Israel is using the chaos created by the Syrian conflict to legitimize its annexation of the Golan Heights, head of Lebanese Hezbollah, Hassan Nasrallah, told his followers, while threatening “retaliation” for Israel’s killing of their commander in Syria.
“We all followed and know well how Netanyahu put a great deal of effort with the American leadership and Western governments in the past years and still does till today, to obtain international recognition of Israel’s annexation of the Golan Heights under the excuse of the Syrian conflict,” Nasrallah said in a weekend speech.
Israel seized the Golan Heights from Syria after the 1967 Six-Day War, which created an armistice line under Israeli military control. Syria unsuccessfully tried to retake the Golan Heights during the 1973 War. An armistice was concluded in 1974, resulting in a UN observer force being deployed along the ceasefire line.
Israel unilaterally annexed the Golan Heights in 1981 – a move that is not recognized internationally – and has built more than 30 Jewish settlements in the area over the last three and a half decades. Since the start of the Syrian conflict, Israel has carried out a number of military operations when fighting has neared the area.
“When the activities of the resistance started near the Golan, Israel grew very anxious, and it started retaliating in a disproportionate manner to any shelling or gunfire on the border, even if it did not cause casualties,” he said.
There have been some media reports claiming that Prime Minister Benjamin Netanyahu recently raised the issue of the Golan Heights with US President Barack Obama. A number of Israeli politicians have also floated the idea of legitimizing Golan’s annexation.
Hezbollah’s leader’s remarks were broadcast in a lengthy televised address a week after the death of Hezbollah commander Samir Kuntar, who was killed in a suspected Israeli airstrike on his home in Damascus.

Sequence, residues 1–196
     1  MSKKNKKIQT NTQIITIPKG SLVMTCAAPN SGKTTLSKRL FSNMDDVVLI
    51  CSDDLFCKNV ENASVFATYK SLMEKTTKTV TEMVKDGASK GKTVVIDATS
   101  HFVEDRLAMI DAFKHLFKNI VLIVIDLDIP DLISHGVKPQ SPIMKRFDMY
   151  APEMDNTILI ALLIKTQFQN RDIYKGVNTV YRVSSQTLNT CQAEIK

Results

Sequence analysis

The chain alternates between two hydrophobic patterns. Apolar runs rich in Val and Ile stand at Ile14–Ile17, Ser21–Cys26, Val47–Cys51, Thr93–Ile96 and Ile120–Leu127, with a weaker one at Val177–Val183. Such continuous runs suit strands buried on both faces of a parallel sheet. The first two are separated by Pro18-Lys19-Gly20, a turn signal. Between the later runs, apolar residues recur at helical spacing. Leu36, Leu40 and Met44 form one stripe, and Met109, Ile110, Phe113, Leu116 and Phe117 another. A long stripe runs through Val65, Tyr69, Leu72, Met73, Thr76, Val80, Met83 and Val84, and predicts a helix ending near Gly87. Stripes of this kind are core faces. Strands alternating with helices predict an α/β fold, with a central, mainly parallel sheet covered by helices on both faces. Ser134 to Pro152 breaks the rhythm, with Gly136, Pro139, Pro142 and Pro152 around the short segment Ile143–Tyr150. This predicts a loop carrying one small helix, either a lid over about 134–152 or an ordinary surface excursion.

Having spent three decades behind bars for a terror attack against Israelis, the 53-years-old Kuntar had become an iconic figure for the Hezbollah movement. He was a Druze member of the Palestine Liberation Front from Lebanon and was eventually released in a prisoner exchange between Hezbollah and Israel in 2008.
Nasrallah threatened Israel with retaliation for Kuntar’s murder in his speech and called on anti-Israeli fighters to unite and push Israel out of the Golan Heights.
“The response for the assassination of al-Kuntar is coming, there’s no doubt. The Israelis have a reason to be worried, in the border area and outside it,” Nasrallah said, adding that the response was “now up to the resistance fighters.”
Nasrallah also said that if “all efforts in Syria, Iraq and other countries where conflicts are taking place were joined together, the Israeli entity would be wiped out.”
READ MORE: ISIS leader threatens Israel, calls for revolt in Saudi Arabia
The speech coincided with threats made by Islamic State (IS, formerly ISIS/ISIL) against the Jewish state, which were expressed in a lengthy audio address attributed to the terror group’s self-proclaimed “caliph.” It also comes as the IDF announced the formation of a Commando Brigade that will incorporate the best of the best of Israeli special forces amid a growing threat to the state.
The new force will incorporate the elite Egoz, Duvdevan, Maglan, and Rimon units to carry out long-range raids and lengthy covert operations in the heart of enemy territory.
“The IDF Commando Brigade will be a front line protector and a marker of the IDF’s abilities and spirit,” IDF Chief of General Staff Lieutenant-General Gadi Eizenkot said at the inauguration of the new fighting force.
“You don’t need a wide understanding of intelligence or strategy to understand the sensitivity of this period. You look to the north and see the boastful statements and the wind blowing in from Lebanon,” the Lieutenant-General said. “You see the threats last night by ISIS, and the wave of security escalations we’ve been contending with in the past few months in the West Bank and the threats from the south – these make the capabilities we see here more necessary than ever.”